In the end, however, the United States refused to accept much of the PrepCom work. During PrepCom IV in New York City, for instance, 139 nations voted for mandatory stabilization of greenhouse gases at 1990 levels by the year 2000, laying the groundwork for what promised to be the showcase treaty of the Earth Summit. Only the United States delegation opposed it, but after behind-the-scenes arm twisting and deal-making, the targets and compulsory aspects of the treaty were stripped away, leaving only a weak shell to take to Rio de Janeiro. Many environmentalists felt betrayed. Similarly, the United States, alone among the industrialized world, refused to sign the biodiversity treaty, the forest protection convention, or the promise to donate 0.7% of Gross Domestic Product to less developed countries for environmental protection. The nation's excuse was that these treaties were too restrictive for American businesses and might damage the American economy. The United States did, subsequently, sign the biodiversity treaty on June 4, 1993.

Many environmentalists went to Rio de Janeiro intending to denounce United States intransigence. Even Environmental Protection Agency chief William Reilly, head of the United States delegation, wrote a critical memo to his staff saying that the Bush administration was slow to engage crucial issues, late in assembling a delegation, and unwilling to devote sufficient resources to the meeting. Newsweek magazine entitled one article about the summit: "The Grinch of Rio," saying that to much of the world, the Bush administration represented the major obstacle to environmental protection.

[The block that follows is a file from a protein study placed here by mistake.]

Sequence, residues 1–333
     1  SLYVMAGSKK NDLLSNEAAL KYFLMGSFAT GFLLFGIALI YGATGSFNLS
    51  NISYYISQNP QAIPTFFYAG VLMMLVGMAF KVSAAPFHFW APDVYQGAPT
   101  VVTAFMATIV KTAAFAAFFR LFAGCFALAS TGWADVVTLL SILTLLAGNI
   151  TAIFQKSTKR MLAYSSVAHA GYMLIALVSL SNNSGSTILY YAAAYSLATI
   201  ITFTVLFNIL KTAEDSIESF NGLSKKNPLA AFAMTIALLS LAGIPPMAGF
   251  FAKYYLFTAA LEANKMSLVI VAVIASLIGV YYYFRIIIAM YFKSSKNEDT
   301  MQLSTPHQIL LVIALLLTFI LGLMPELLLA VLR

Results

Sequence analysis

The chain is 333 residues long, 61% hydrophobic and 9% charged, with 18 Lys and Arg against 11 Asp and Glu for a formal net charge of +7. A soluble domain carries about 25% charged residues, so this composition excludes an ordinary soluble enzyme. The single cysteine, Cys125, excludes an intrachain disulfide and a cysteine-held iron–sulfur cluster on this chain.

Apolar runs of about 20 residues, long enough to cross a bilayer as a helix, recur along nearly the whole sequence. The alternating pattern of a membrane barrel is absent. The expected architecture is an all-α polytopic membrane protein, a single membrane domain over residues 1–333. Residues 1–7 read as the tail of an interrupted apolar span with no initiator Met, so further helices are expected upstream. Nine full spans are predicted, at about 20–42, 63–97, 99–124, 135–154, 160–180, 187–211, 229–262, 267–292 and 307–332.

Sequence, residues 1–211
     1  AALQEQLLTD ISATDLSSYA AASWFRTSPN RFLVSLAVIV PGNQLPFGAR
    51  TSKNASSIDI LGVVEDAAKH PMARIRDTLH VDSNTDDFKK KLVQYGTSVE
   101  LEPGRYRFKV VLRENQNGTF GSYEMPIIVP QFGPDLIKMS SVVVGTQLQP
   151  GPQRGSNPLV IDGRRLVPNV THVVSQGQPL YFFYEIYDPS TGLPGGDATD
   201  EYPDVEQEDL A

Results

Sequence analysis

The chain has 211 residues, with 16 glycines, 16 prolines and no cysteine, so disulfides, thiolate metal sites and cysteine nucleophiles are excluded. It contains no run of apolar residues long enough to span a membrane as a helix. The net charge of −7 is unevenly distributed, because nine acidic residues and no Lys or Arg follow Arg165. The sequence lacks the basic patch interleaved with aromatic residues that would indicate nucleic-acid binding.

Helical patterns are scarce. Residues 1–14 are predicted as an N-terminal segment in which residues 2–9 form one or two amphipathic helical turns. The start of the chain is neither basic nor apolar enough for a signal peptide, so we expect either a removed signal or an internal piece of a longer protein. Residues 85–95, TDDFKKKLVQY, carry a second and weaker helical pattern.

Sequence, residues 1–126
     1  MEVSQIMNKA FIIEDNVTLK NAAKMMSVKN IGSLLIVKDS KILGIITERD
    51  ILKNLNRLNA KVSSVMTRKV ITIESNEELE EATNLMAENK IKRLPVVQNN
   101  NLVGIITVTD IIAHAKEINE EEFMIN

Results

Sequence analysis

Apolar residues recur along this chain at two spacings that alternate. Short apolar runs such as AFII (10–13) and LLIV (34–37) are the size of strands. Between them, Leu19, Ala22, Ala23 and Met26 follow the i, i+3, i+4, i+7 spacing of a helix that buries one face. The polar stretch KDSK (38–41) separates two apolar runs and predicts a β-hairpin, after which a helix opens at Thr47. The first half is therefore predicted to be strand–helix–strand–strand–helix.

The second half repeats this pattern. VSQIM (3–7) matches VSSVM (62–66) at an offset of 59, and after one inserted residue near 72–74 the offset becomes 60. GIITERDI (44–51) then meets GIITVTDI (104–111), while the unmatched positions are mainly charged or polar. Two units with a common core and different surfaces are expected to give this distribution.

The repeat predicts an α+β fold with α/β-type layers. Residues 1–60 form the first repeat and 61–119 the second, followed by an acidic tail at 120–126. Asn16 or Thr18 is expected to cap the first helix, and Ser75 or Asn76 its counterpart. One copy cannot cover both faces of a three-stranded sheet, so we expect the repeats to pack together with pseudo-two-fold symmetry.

Not all was lost at the Rio de Janeiro meeting, however. Important contacts were made and direct negotiations begun between delegates from many countries. Great strides were made in connecting poverty to environmental destruction. Issues such as sustainable development and justice had a prominent place on the negotiating table for the first time. Furthermore, this meeting provided a unique forum for discussing the disparity between the rich industrialized northern nations and the poor, underdeveloped southern nations. Many bilateralnation to nationtreaties and understandings were reached.